usually resumed on the same day.

Adjournment of a meeting

A meeting can be adjourned upon the request of a Member State or by the PGA. An adjournment calls a meeting to a close. Any
continued consideration of an item will take place at another meeting usually on another day.

Adjournment of debate

Adjournment of debate ends parts or all of the consideration of the agenda item concerned. This can mean ending the debate, blocking
action on a specific draft resolution/decision or ending the consideration of the item as a whole (i.e., closing the item for the remainder of
the session). Member States requesting adjournment of debate specify which part of the consideration is to be ended. The motion to
adjourn debate is put to an immediate vote, carried by a simple majority, after a maximum of two delegations have spoken in favour and
two against. The term “no-action motion” is used when a motion for adjournment of debate is made to block action on a specific draft
resolution or decision.

Seeking the floor and addressing the Chair

The most universal rules of debate are:

no one (other than the Chairman) may intervene in the debate (i.e. speak so as to be heard by the conference) without having been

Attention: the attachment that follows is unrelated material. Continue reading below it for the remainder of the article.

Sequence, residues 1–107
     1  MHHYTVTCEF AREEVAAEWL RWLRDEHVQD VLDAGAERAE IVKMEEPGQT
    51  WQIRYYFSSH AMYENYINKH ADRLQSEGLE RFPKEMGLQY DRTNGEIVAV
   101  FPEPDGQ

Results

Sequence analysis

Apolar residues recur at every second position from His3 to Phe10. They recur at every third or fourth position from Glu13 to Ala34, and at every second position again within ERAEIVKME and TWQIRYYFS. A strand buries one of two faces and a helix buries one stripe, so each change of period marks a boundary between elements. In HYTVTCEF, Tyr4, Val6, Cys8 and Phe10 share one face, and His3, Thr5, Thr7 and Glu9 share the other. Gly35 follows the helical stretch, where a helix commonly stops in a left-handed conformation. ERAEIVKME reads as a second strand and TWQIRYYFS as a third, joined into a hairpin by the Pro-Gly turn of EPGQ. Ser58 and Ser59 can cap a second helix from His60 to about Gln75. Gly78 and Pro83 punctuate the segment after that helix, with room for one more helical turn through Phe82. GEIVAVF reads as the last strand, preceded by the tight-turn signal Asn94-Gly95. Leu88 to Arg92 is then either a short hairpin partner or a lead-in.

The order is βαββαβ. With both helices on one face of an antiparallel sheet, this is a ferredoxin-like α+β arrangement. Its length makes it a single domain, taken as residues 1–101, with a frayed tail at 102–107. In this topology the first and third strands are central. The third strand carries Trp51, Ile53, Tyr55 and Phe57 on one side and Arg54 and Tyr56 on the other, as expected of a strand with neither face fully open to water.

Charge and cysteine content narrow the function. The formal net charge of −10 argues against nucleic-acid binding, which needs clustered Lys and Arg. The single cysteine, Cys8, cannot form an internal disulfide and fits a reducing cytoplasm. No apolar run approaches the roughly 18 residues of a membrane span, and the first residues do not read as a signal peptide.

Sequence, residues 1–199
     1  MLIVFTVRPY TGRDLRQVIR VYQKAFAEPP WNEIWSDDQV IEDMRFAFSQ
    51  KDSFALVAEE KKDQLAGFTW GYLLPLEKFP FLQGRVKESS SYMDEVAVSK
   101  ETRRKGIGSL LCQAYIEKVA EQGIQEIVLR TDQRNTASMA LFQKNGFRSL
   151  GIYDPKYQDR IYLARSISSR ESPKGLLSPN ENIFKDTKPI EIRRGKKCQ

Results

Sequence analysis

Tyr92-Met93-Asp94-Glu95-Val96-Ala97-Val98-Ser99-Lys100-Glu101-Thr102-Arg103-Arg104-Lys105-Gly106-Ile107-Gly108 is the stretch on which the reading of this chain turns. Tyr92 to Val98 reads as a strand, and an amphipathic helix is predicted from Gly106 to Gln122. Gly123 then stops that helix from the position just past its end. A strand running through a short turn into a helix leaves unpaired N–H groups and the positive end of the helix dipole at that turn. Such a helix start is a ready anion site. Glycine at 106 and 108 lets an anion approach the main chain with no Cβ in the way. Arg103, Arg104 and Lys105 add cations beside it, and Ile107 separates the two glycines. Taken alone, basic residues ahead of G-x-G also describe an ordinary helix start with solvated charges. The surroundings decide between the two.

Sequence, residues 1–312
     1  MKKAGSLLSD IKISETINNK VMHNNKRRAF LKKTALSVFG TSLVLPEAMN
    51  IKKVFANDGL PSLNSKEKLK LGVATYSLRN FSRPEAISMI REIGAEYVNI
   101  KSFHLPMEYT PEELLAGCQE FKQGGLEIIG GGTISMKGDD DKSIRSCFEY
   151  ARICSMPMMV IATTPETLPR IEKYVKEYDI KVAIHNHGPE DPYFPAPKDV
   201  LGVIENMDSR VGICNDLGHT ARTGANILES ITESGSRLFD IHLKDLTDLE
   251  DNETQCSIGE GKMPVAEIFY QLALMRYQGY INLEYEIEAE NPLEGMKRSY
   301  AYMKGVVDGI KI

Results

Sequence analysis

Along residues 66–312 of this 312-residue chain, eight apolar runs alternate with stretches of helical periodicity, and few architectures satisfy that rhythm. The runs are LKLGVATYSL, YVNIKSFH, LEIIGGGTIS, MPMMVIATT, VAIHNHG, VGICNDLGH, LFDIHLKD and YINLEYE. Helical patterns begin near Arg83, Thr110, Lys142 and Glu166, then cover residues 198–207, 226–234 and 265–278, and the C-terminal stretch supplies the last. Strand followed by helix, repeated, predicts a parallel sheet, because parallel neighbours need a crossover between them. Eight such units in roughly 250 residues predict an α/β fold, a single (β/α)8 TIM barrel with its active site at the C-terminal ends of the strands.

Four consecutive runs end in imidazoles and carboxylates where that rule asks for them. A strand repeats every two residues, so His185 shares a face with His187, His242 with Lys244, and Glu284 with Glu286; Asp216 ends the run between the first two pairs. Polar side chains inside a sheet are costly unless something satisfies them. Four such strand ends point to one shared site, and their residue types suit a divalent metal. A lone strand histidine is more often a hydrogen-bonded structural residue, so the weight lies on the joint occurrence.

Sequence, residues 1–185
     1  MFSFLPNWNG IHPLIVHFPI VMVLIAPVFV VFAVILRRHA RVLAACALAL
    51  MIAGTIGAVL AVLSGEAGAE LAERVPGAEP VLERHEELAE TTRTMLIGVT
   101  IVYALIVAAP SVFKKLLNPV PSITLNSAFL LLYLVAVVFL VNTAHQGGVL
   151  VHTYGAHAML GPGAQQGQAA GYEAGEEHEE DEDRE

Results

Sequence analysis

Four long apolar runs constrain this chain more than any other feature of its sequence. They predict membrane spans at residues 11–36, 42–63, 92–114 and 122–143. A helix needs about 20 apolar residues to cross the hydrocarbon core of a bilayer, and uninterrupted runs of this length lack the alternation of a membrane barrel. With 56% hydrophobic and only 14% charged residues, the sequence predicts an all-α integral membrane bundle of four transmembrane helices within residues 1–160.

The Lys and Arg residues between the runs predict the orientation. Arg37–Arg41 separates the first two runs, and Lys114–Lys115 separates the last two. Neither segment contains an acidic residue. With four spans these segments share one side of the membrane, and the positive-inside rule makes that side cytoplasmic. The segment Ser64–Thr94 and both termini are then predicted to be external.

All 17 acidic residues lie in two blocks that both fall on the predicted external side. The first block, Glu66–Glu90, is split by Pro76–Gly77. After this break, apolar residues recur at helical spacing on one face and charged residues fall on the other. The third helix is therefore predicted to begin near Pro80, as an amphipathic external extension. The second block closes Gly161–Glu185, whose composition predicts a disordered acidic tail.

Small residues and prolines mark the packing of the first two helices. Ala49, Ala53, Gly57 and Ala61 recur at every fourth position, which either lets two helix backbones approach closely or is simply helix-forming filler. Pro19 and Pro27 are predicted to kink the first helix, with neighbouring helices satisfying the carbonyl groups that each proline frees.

given the floor by the Chairman; and
when anyone other than the Chairman intervenes, they must address their remarks to the Chairman (although everyone
understands that what they say is meant for the whole conference).

Delegates at a Human Rights Council session, hold up their plaques to request the floor

The purpose of these rules is clear. They ensure that only one person speaks at any given time and allow the Chairman to steer the
debate. They also tend to dampen any tendency towards quarrels between delegates, at least in the formal setting. This is extremely
important as quarrelsome behaviour is inimical to agreement.
The first rule also means that delegates have to exert themselves to be given the floor. A delegate can seek the floor (i.e. ask for
permission to speak) in two ways, namely by:

asking the Chairman or the secretary (who often helps the Chair to keep track of such requests) to add his/her name to the list of